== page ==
We met Mrs. Naseer Modenona only because we arrived at Sifaya’s hut in the refugee camp to discover no one home, and the doors closed. She told us that they had gone to their new house, as it was supposed to get connected to the electricity that day. Needless to say, their trip was to no avail.
Mrs. Modenona pulled four plastic chairs into the shade and we had a chat.
Her family was very lucky as they all survived. Her husband, a retired teacher was working for an NGO. For a daily payment of 400 rupees, he and others were cleaning the salt lagoons from debris with their bare hands and if they were lucky, they got to work two or three days a week.
She herself was drying chili peppers, grinding them and selling it to shops. Her oldest son was in Colombo trying to get a visa for a job in UAE (United Arab Emirates). They had paid a big amount of money to a job agency before the tsunami but still did not have any results.
In a corner of the little hut, the younger son had installed a very basic repair station for television sets. Their 16 year old daughter was living in a boarding school in Kandy, more than 200 kilometers away from Hambantota.
As we wondered why, Mrs. Modenona explained that her daughter was an excellent student and that her dream was to become an Engineer.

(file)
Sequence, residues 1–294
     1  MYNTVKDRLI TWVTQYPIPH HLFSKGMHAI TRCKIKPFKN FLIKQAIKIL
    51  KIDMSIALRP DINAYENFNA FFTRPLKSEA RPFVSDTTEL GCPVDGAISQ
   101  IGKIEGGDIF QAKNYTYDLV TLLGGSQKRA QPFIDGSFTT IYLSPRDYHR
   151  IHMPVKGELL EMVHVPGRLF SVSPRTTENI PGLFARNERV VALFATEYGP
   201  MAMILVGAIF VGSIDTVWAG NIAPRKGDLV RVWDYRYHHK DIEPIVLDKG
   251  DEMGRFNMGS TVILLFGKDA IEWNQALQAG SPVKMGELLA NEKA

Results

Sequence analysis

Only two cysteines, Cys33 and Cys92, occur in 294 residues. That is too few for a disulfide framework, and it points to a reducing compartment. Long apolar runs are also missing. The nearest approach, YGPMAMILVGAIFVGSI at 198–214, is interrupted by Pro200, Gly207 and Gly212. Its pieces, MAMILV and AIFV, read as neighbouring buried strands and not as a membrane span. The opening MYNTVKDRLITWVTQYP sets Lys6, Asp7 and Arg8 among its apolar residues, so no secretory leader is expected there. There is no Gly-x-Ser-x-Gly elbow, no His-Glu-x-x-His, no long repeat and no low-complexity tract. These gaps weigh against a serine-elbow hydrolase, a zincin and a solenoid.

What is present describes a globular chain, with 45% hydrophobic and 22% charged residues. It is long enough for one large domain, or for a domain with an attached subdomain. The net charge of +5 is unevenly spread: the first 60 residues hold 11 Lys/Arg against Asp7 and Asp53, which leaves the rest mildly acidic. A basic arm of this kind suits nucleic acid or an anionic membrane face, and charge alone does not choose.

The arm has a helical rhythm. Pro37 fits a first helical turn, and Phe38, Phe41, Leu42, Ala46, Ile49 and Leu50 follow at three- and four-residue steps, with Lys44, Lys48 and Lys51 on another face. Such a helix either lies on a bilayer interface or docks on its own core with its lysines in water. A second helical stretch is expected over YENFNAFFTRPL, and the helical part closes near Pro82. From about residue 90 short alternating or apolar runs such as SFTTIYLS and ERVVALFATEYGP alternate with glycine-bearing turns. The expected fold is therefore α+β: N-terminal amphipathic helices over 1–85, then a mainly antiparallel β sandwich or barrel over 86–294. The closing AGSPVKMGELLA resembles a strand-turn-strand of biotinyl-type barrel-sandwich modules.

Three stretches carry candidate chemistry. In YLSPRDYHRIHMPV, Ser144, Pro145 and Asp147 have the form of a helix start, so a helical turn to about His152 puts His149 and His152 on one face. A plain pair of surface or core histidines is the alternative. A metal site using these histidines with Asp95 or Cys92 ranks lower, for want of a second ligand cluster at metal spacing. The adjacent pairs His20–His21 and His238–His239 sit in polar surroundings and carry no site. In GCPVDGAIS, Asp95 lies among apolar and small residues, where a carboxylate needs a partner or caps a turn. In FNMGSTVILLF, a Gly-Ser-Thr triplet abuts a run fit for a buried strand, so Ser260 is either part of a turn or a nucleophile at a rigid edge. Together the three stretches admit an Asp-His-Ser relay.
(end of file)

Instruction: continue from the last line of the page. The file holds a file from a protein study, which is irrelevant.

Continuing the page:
Very proudly she showed us a letter from the local Schoolmaster, testifying that there was no schooling opportunity meeting the girl’s abilities in Hambantota; the results from the O-Level test (two years before graduation); and a letter from the Girls’ High School in Kandy. Not familiar with the Sri Lankan grades, Faye explained after a deep sigh that she would have been more than happy if her youngest would have been coming home from the O-Level exams with only half as good results.
We were quite impressed that a father, who had lost everything and had a pension of 6,000 rupees, did not remove his daughter from a boarding school that cost 7,000 rupees a month. Further, that the whole family was doing their utmost to earn some extra money.
We decided that it would be a perfect use of the money we originally had planned for the tuition classes and promised to cover the costs for a year. We handed to Mrs. Modenona the first 7,000 rupees and committed to send monthly payments to her personal account.
I would meet Sithy either in Hambantota or Kandy, when I returned (Michel will be at home working). Her mother was to keep in contact with Faye and Humaid, as we don’t have a common language.